Category Archives: Secure Web Browser

Social Media Scams Based on Current Events

Social Media Scams Based on Current Events

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Social Media Scams Based on Current Events

We are sure you’ve seen them lurking in your news feeds- breaking news reporting a celebrity’s death, photos of natural disasters striking major cities, video footage of riots and outrage over an accidental shooting- all seemingly legitimate news stories. However, this “news” may not be what it seems.

In 2016, Facebook has reported that it has 1.71 billion monthly active Facebook users. Twitter has 313 million monthly active users. With so many active users, popular social sites are a scammer’s paradise. Scammers will try to entice you into clicking by posting sensational or emotional breaking news stories; sometimes capitalizing on a recent news event, or making up a fake, shocking news story. The motives are the same; scammers try to exploit these stories for any kind of financial gain possible.

There are several different types of tactics scammers will use to try to lure you into taking the bait: impersonating victims or family members of a tragic event; selling souvenirs or memorabilia while claiming the proceeds go to charity; or by posting photos and videos of the event.

Click With Caution
You may have seen a fake videos or news stories circulating on social media sites after an extremely newsworthy event. The post states that the user needs to share the content before it can be viewed. After sharing the video, users are taken to a page asking the user to fill out a survey before viewing. Seems harmless enough, right? Hardly. The survey will gather sensitive personal information that can be used in phishing attacks. In addition to collecting sensitive data, the scammers will also earn money per completed survey and in turn, will sell that information to other scammers.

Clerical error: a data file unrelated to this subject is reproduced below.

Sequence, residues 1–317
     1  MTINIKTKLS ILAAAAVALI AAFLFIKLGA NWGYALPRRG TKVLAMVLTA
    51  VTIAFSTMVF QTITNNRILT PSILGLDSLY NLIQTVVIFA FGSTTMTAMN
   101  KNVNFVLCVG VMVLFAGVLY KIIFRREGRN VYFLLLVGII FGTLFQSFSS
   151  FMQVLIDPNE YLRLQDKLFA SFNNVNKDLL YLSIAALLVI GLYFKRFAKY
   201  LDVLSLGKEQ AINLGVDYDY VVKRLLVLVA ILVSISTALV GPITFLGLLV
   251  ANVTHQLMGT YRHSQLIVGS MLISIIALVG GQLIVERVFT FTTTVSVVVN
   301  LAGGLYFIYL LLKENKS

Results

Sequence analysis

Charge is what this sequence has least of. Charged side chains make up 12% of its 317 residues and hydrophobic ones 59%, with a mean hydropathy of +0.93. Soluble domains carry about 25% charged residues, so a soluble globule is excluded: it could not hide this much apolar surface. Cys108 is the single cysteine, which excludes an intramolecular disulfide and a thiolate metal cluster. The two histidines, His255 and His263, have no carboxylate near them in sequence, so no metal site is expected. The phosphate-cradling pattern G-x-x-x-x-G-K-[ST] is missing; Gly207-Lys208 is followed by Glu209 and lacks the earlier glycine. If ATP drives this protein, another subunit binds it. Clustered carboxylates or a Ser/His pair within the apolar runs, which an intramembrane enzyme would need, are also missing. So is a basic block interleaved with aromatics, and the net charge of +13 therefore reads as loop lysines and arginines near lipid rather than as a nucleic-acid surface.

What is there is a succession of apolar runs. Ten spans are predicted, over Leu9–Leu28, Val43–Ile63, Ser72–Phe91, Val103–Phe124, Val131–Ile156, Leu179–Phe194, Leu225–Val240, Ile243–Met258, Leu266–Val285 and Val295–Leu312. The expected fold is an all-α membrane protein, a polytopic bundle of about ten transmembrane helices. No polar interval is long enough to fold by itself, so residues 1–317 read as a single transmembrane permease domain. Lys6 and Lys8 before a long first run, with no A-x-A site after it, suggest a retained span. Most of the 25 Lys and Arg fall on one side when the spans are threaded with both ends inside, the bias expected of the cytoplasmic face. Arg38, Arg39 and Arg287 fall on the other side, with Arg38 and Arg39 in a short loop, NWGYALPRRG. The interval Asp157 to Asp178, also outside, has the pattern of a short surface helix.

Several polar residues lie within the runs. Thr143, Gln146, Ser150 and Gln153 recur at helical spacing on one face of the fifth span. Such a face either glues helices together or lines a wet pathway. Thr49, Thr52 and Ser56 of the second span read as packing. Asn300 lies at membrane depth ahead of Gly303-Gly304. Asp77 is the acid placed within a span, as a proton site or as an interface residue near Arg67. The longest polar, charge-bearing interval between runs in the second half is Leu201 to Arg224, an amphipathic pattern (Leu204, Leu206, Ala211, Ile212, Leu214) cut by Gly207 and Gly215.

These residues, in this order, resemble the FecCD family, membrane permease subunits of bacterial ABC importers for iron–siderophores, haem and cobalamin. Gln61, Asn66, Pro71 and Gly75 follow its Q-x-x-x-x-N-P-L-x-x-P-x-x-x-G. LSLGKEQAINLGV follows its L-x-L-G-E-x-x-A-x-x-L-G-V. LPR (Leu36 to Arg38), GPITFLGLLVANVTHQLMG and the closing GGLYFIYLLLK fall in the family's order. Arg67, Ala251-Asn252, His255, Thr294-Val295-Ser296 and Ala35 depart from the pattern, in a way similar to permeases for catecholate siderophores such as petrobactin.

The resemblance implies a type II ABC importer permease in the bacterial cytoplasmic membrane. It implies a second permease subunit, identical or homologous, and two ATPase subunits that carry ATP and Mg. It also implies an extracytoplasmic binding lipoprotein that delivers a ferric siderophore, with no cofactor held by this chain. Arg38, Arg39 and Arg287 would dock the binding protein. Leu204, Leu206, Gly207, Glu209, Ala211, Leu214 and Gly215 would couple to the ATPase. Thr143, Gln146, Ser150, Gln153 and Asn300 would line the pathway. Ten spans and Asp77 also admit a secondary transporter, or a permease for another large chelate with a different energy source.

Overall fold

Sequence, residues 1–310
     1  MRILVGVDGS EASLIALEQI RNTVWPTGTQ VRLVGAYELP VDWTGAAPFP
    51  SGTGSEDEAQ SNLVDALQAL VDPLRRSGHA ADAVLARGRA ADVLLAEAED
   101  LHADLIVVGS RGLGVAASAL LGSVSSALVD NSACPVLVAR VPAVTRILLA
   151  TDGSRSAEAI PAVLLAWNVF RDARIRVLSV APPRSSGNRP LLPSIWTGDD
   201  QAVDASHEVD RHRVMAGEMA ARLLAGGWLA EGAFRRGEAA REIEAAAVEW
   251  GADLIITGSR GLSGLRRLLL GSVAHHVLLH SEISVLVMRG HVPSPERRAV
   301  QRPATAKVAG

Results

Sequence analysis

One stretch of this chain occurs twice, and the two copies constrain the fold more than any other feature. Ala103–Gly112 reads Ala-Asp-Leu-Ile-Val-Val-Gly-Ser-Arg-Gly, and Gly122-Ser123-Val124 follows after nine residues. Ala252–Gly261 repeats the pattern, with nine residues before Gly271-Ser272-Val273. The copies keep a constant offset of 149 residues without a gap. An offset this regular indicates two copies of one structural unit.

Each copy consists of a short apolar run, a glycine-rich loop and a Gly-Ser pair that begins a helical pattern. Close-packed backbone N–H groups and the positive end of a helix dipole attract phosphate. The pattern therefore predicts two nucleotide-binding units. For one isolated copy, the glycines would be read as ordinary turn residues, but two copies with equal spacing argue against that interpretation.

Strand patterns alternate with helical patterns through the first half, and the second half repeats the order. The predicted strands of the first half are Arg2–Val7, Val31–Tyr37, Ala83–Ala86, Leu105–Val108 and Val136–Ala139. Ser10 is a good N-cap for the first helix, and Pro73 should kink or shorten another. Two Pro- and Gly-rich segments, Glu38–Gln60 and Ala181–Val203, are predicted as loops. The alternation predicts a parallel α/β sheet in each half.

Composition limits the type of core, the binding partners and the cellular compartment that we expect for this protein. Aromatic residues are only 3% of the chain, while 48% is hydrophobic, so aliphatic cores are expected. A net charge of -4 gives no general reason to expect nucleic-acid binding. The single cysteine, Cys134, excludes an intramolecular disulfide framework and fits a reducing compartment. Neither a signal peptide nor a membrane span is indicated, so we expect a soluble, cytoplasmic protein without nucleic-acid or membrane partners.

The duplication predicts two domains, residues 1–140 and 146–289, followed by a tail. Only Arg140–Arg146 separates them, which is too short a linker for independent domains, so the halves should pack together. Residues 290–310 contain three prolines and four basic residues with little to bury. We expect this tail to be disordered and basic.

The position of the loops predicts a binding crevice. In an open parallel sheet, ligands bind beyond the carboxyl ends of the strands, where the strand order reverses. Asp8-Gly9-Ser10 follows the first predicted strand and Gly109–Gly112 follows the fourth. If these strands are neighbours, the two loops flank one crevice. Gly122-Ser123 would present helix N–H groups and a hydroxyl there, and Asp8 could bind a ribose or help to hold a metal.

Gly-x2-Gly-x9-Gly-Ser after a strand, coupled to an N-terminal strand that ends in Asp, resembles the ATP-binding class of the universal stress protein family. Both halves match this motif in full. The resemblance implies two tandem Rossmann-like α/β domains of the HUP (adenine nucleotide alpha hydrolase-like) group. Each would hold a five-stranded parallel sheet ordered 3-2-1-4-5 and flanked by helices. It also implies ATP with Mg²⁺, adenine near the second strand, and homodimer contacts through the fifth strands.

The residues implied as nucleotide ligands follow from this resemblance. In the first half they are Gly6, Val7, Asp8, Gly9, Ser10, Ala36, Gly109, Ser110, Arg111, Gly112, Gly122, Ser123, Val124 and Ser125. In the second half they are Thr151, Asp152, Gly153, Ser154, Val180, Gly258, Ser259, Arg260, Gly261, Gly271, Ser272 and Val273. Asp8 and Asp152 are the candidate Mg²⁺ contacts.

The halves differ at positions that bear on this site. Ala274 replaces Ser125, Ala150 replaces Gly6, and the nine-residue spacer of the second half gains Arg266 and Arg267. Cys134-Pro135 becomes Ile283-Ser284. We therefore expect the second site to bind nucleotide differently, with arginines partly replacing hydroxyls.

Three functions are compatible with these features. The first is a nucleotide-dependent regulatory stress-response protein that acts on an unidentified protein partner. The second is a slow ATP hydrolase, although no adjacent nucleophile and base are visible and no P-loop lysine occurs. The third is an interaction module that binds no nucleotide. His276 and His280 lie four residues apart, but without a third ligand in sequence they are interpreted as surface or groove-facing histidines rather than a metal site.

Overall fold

There are many variations of these types of scams, and it is not always a survey. Users will try to view the video, and are taken to a page stating that they need to download a plug-in in order to view the video correctly. This “plug-in” is malware in disguise, usually a form of spyware that is then installed on the user’s computer that will track and collect information such as bank accounts, Social Security numbers and anything else that can be used in attempting identity theft.

In addition to trying to install malware on your computer, there are other objectives. Sometimes these links will redirect you to adult websites or spam sites in an attempt to boost web traffic, or to install malicious Facebook applications that can steal your personal data.
Ways to Spot a Fake
Be skeptical. Just because you see it on your feed doesn’t necessarily mean it is true. Sometimes, your friends may have fallen victim to the scam and are not aware of it; scammers using clickjacking could have hijacked their account.

Always check the link before clicking. You can do that by either hovering over the link or looking directly below the link itself on the Facebook post, which shows the referring website’s URL. Only visit known and trusted websites. You can also use Norton Safe Searchto verify the legitimacy of a website as well.

Be very suspicious when there is a call to action before being able to view the content. Moreover, actions such as having to share the media before viewing, requests to take a survey or download additional software are all huge red flags.

If you need to know if the event happened, use a search engine to verify the validity of the headline. If you were to type in the subject of the event, you would see stories about how it is a fake. If it were a real story, there would be several news articles listed about the event.

You can also visit trusted news sites such as CNN.com or AP.org to verify the story. Another great site for busting hoaxes is Snopes.com.

What to Do If You Fall for the Scam
In the event that you fall prey to one of these scams, here are a few steps you can take to clean up the damage and minimize it from spreading.

  • Remove the spam from your feed, so no other people fall victim to the scam.
  • Change your password immediately. Even if you do not think the scammers have access to it, it is better to be safe than sorry.
  • If you were tricked into installing a rogue app, remove it.